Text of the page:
Review of Implementation of Taiwan’s New Southbound Policy for Agriculture

Review of Implementation of Taiwan’s New Southbound Policy for Agriculture

Published: 2022.04.26
Accepted: 2022.04.26
12
College of Agriculture and Natural Resources, National Chung Hsing University, Taiwan
Indonesian Center for Agriculture Socio Economic and Policy Studies
Distinguished Professor
Department of Forestry, National Chung Hsing University, Taiwan

ABSTRACT

In 2016, Taiwan’s new government of President Tsai proposed a “New Southbound Policy” (NSP) for the country’s diplomatic strategic planning to maintain long-term positive relations with the ASEAN and South Asian countries. The basic principles of Taiwan in promoting the NSP are longstanding, non-political and effective. The longstanding relationship between Taiwan and the ASEAN countries stands in the primary field of economics, humanities, culture and social relations. Taiwan's NSP could be the most feasible policy for Taiwan to present its value and identity to international participation. The policy is concealed in Southeast Asia because ASEAN regulators generally avoid distress with Beijing, China Mainland. Thus, to improve Taiwan's NSP application, the cooperative agriculture projects with Taiwan are typically known as humanity and economics mutual relationships. Their strategic roles could balance the economic and political influence of China's expansionism in Southeast Asia. Taiwan's New Southbound Policy missions are to develop mutually beneficial and win-win relations with Indo-Pacific countries. Ensuring food security and good health all point to strengthening the humanities. Food and agriculture in Indonesia are not only about nutrition fulfillment or poverty alleviation; it also about the connection between and among countries. Among countries in the ASEAN region, Indonesia is one of the most strategic countries to develop the implementation of the New Southbound Policy in agriculture. Besides the review of NSP, this paper also describes the practice of the Taiwan government's performance in the field of agriculture.

Keywords: New Southbound Policy, agriculture, investment, Taiwan

INTRODUCTION

Background

On 5 September 2016, the government of Taiwan officially launched the “New Southbound Policy”. The objectives of this policy were to enhance cooperation and exchanges between Taiwan and 18 countries in Southeast Asia, South Asia, and Australasia. Indonesia was one among other countries, i.e., Vietnam, Cambodia, Lao PDR, Thailand, Myanmar, Malaysia, Singapore, the Philippines, Brunei Darussalam, Pakistan, India, Nepal, Bhutan, Bangladesh, Sri Lanka, Australia, and New Zealand (Figure 1).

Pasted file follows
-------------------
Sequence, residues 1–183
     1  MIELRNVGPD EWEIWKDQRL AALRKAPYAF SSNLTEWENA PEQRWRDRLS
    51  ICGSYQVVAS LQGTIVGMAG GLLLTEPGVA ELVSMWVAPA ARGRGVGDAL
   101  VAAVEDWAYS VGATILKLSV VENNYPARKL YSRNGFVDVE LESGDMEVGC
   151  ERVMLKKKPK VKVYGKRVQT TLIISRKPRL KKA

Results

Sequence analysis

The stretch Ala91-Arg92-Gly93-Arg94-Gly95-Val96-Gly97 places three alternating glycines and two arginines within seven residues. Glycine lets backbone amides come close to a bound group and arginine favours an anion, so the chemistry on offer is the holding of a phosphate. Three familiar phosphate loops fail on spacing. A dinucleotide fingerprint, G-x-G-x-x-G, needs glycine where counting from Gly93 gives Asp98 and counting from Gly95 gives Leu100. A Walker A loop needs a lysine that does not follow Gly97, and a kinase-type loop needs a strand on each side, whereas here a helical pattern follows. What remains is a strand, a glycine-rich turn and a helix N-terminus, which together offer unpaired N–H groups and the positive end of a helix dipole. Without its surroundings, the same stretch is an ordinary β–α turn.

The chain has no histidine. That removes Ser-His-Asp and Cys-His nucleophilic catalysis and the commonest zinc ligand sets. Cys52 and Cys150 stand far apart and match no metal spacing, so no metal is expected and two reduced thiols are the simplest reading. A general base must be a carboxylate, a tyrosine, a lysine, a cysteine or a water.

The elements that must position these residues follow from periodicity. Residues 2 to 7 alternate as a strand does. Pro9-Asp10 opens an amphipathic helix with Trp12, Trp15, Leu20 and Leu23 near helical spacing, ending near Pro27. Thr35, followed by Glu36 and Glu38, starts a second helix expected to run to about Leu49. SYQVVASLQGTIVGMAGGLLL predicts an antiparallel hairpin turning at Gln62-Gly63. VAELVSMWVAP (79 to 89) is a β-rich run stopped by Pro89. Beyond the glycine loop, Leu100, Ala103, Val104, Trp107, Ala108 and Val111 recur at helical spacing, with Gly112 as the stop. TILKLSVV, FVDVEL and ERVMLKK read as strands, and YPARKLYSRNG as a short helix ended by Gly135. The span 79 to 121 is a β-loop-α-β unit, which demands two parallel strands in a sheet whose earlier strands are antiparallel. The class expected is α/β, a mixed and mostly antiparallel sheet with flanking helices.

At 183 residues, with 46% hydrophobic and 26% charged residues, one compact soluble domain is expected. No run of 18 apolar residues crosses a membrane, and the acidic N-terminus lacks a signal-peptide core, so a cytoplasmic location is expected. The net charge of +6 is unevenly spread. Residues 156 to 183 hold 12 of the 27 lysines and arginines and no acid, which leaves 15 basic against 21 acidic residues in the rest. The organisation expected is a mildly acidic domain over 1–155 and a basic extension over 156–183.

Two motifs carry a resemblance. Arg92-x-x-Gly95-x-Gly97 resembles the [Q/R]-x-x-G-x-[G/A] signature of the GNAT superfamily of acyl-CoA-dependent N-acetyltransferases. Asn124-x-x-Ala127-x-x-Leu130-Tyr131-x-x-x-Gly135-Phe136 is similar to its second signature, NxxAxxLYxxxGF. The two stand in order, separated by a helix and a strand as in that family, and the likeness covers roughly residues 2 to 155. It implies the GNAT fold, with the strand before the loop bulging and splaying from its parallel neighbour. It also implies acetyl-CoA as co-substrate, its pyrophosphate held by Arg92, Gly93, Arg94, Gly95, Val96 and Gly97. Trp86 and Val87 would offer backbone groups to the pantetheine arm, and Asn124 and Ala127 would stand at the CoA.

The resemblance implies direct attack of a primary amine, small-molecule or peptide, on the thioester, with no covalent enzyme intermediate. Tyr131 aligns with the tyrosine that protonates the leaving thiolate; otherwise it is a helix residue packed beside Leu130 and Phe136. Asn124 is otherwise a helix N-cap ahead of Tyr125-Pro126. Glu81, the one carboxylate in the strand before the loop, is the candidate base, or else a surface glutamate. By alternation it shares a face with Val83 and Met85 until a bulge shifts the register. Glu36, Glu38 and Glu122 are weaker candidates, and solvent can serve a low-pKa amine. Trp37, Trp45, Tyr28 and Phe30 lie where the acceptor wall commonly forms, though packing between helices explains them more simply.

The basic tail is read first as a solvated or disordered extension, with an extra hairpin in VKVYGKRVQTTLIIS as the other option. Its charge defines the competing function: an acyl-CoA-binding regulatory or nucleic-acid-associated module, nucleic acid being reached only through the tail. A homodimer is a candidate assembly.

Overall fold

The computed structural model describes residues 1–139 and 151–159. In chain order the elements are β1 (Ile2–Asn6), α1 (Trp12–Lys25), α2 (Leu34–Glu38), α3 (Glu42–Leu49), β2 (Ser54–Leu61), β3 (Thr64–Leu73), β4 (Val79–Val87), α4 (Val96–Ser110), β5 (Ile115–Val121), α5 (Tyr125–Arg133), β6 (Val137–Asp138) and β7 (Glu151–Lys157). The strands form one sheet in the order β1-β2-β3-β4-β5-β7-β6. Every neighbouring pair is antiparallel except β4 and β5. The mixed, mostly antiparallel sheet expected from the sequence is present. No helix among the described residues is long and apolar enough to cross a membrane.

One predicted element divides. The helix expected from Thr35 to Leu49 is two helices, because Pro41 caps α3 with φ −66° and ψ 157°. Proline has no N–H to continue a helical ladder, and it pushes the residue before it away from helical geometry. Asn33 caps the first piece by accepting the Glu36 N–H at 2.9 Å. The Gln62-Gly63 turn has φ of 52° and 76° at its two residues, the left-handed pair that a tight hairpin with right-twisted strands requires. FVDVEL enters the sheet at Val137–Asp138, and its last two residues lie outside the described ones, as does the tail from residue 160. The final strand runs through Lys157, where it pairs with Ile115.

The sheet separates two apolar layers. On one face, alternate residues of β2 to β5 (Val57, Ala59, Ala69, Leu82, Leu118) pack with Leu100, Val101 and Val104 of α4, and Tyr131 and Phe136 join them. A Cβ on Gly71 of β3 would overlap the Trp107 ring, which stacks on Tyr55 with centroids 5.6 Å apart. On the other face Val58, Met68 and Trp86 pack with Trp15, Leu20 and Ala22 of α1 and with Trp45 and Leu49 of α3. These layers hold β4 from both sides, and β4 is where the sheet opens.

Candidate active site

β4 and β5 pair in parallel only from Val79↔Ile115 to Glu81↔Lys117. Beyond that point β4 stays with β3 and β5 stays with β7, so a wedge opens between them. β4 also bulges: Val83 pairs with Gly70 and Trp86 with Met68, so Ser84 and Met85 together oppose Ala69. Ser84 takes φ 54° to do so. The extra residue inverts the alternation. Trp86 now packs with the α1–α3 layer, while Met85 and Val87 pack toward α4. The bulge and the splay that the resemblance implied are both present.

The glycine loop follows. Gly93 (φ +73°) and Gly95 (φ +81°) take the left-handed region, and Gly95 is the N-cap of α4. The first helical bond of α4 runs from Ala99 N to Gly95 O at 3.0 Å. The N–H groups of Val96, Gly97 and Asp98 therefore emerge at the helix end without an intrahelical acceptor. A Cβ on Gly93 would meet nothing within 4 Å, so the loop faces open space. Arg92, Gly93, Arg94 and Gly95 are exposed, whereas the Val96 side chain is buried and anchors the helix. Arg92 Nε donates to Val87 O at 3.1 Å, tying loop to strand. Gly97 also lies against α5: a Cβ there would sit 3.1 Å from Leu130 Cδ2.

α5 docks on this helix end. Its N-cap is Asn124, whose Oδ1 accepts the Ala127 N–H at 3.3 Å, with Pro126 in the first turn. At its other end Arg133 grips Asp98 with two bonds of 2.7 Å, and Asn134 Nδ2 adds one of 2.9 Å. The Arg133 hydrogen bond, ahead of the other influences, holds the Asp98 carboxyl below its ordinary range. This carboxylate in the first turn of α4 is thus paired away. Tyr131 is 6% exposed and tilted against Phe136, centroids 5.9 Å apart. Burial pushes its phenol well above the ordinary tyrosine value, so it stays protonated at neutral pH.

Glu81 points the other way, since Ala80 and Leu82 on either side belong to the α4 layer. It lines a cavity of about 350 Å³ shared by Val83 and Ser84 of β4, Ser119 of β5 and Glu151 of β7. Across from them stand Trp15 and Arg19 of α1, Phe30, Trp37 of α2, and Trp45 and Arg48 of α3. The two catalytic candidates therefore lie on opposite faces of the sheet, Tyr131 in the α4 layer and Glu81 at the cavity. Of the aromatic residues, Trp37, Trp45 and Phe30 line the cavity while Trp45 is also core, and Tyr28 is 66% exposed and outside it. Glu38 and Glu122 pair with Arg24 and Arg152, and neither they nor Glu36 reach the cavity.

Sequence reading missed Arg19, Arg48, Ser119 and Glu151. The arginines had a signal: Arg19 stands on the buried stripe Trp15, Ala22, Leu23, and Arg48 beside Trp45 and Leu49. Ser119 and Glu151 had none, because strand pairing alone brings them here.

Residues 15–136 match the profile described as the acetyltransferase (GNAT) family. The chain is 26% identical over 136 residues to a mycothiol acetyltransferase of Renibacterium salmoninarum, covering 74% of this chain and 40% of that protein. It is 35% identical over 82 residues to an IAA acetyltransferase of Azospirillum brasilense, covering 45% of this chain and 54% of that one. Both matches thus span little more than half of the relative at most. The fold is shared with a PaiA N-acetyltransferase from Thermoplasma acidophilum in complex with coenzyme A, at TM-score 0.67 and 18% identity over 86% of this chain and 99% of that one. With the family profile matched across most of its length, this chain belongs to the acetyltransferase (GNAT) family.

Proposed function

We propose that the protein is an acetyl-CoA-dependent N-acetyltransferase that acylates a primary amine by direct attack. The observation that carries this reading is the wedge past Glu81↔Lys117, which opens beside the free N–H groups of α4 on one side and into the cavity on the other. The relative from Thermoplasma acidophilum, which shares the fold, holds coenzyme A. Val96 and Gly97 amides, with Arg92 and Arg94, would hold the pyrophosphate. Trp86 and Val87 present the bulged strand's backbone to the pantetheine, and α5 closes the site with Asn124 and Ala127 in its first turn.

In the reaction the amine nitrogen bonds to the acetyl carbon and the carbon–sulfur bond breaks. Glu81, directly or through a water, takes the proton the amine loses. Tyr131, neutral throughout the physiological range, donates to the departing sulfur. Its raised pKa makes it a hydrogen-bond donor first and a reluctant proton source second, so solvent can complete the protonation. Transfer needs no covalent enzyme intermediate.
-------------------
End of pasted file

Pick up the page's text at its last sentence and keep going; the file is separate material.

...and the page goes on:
The New Southbound Policy is an integral part of Taiwan’s economic and trade strategy. As an essential member of the Asia and Asia-Pacific region, Taiwan must respond to the changing global conditions and trends towards regional unification by making appropriate adjustments. The New Southbound Policy has been adopted to identify new directions and driving forces in the new stage of Taiwan’s economic development, redefine Taiwan’s important role in Asia’s development, and create future value. At the same time, through this policy, Taiwan’s government hopes to initiate more comprehensive dialogue and negotiations with ASEAN and South Asian countries, as well as Australia and New Zealand to build close cooperation and jointly achieve regional development and prosperity. Hence, this policy has critical goals and objectives, as presented in Table 1.

The New Southbound Policy is an integral part of Taiwan’s economic and trade strategy. As an essential member of the Asia and Asia-Pacific region, Taiwan must respond to the changing global conditions and trends towards regional unification by making appropriate adjustments. The New Southbound Policy has been adopted to identify new directions and driving forces in the new stage of Taiwan’s economic development, redefine Taiwan’s important role in Asia’s development, and create future value. At the same time, through this policy, Taiwan’s government hopes to initiate more comprehensive dialogue and negotiations with ASEAN and South Asian countries, as well as Australia and New Zealand to build close cooperation and jointly achieve regional development and prosperity. Hence, this policy has critical goals and objectives, as presented in Table 1.